• Sexual function and menstruation changes
  • Increased severity of opioid drug dependence and addiction

Post-acute withdrawal syndrome – signs, symptoms, and long-term treatment

While many people can overcome the symptoms of withdrawal in just over a week, for, symptoms can last much longer. Post-acute withdrawal symptoms (PAWS) cause patients to feel the effects of withdrawal for several weeks, months, or even years. Although the effects of PAWS are mostly psychologicalcausing or exacerbating mental illnesses like depression, anxiety, and bipolar disorder can also cause poor concentration, interruptions to sleeping patterns, indifference, lethargy, loss of appetite, and mood swings.

PAWS is not necessarily a permanent condition; it can be overcome with the help of an effective treatment schedule.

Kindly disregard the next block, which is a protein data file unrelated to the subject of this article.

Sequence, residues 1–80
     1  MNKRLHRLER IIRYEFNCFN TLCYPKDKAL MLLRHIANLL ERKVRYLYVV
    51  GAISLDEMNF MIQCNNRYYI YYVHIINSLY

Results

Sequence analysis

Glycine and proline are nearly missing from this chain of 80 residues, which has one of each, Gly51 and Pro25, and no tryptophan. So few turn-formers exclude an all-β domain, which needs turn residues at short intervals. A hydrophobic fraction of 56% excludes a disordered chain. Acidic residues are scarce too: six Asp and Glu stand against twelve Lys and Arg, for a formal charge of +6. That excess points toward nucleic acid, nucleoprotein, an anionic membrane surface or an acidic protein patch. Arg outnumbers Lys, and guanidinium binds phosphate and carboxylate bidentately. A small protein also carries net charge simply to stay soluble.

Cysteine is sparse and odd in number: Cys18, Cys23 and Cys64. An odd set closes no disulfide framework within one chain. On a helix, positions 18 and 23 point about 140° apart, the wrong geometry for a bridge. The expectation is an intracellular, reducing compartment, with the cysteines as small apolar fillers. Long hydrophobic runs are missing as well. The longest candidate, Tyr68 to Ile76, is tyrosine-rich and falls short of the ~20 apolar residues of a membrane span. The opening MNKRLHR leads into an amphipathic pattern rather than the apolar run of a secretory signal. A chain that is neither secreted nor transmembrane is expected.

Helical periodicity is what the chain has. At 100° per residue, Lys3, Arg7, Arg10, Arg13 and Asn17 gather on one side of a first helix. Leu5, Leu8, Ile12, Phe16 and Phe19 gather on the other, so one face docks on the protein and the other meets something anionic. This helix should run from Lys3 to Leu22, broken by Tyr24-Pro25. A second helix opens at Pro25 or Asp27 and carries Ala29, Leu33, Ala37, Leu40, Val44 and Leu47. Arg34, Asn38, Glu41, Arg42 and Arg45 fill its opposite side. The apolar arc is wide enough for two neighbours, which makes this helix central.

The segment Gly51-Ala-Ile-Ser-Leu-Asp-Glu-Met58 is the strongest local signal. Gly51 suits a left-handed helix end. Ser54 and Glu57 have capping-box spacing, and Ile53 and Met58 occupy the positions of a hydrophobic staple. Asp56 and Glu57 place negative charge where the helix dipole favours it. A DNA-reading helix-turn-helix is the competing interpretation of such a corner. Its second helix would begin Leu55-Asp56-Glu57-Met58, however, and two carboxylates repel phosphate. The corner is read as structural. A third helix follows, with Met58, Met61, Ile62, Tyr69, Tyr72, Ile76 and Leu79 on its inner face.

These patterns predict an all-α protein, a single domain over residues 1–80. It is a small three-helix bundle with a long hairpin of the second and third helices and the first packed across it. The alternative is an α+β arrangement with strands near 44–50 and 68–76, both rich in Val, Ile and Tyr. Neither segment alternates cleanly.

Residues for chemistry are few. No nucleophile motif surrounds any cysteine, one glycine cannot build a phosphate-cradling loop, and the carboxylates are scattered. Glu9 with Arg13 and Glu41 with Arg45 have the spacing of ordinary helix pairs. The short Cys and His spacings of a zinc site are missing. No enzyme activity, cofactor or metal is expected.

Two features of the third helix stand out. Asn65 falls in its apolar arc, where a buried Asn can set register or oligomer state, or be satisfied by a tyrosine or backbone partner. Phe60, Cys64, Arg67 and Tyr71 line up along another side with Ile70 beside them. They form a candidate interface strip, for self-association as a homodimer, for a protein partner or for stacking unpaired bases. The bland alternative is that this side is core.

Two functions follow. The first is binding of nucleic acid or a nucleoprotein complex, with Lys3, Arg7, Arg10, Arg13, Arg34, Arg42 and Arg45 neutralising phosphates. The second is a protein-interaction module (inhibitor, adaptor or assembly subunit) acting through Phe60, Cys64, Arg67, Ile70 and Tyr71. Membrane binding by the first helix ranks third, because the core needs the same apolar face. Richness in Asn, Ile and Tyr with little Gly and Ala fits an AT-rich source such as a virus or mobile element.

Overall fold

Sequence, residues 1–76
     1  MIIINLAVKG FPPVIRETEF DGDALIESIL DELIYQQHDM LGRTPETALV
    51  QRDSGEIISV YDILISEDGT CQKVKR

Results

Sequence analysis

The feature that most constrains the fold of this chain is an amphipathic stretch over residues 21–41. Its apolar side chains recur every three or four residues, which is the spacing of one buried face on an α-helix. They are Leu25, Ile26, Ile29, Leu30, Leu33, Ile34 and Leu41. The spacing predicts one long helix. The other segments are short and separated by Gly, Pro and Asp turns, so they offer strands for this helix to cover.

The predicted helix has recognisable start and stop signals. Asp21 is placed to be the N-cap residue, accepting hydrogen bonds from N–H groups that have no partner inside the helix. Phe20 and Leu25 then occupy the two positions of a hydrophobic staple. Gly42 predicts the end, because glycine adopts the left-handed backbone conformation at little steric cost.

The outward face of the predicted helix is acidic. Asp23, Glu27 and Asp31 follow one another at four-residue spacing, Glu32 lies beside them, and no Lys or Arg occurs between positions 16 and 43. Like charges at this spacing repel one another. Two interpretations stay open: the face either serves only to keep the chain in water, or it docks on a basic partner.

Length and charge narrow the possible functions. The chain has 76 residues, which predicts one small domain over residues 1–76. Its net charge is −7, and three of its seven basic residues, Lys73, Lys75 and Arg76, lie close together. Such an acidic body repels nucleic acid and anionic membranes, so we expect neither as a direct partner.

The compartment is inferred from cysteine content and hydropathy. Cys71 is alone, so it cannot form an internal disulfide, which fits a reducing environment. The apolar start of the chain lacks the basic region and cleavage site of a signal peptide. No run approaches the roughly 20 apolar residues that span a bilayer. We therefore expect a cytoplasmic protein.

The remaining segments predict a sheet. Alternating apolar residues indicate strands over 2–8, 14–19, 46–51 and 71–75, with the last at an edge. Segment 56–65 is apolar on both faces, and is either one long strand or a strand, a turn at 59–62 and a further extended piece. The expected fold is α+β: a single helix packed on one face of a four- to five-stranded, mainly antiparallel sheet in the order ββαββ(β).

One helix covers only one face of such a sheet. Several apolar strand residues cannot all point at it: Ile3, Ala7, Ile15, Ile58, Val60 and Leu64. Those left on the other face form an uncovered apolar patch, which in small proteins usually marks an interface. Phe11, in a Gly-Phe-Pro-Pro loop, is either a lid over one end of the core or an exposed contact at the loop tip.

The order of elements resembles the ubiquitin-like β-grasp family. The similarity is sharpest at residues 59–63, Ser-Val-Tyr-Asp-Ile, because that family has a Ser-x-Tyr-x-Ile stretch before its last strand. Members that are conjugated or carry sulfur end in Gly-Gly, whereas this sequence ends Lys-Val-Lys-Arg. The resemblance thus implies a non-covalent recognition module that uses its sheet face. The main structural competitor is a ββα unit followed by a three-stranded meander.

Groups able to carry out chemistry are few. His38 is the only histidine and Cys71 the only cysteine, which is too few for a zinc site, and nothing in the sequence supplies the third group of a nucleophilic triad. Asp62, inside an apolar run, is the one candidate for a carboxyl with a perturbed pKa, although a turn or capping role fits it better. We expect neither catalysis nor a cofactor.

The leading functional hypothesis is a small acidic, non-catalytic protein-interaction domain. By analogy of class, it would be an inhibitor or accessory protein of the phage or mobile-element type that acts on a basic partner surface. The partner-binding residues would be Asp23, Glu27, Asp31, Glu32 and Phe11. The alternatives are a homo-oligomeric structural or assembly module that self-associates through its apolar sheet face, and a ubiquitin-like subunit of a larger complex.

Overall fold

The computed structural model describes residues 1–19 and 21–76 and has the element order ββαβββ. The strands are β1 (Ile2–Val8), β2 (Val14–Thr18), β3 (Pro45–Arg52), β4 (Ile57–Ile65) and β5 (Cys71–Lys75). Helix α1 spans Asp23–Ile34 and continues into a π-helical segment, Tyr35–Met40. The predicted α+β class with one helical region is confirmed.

Methadone withdrawal treatment at a medical detox center

Accelerated Neuro Therapy (ANR) is currently the only treatment that can successfully restore the endorphin-receptor balance in people with dependence or addiction to opioids. Many traditional detox treatments will attempt to counteract the effects of withdrawal, whereas ANR treatment targets the deep causes of addiction and withdrawal by focusing on the physiologic mechanism behind dependency on methadone and other opioid drugs. Because of this, ANR can help patients with detoxification from opiates and allow them to recover without fear of further symptoms, relapse, or having to spend large amounts of time in hospital settings.

ANR Clinic has treatment providers that offer the medication-assisted detox process in: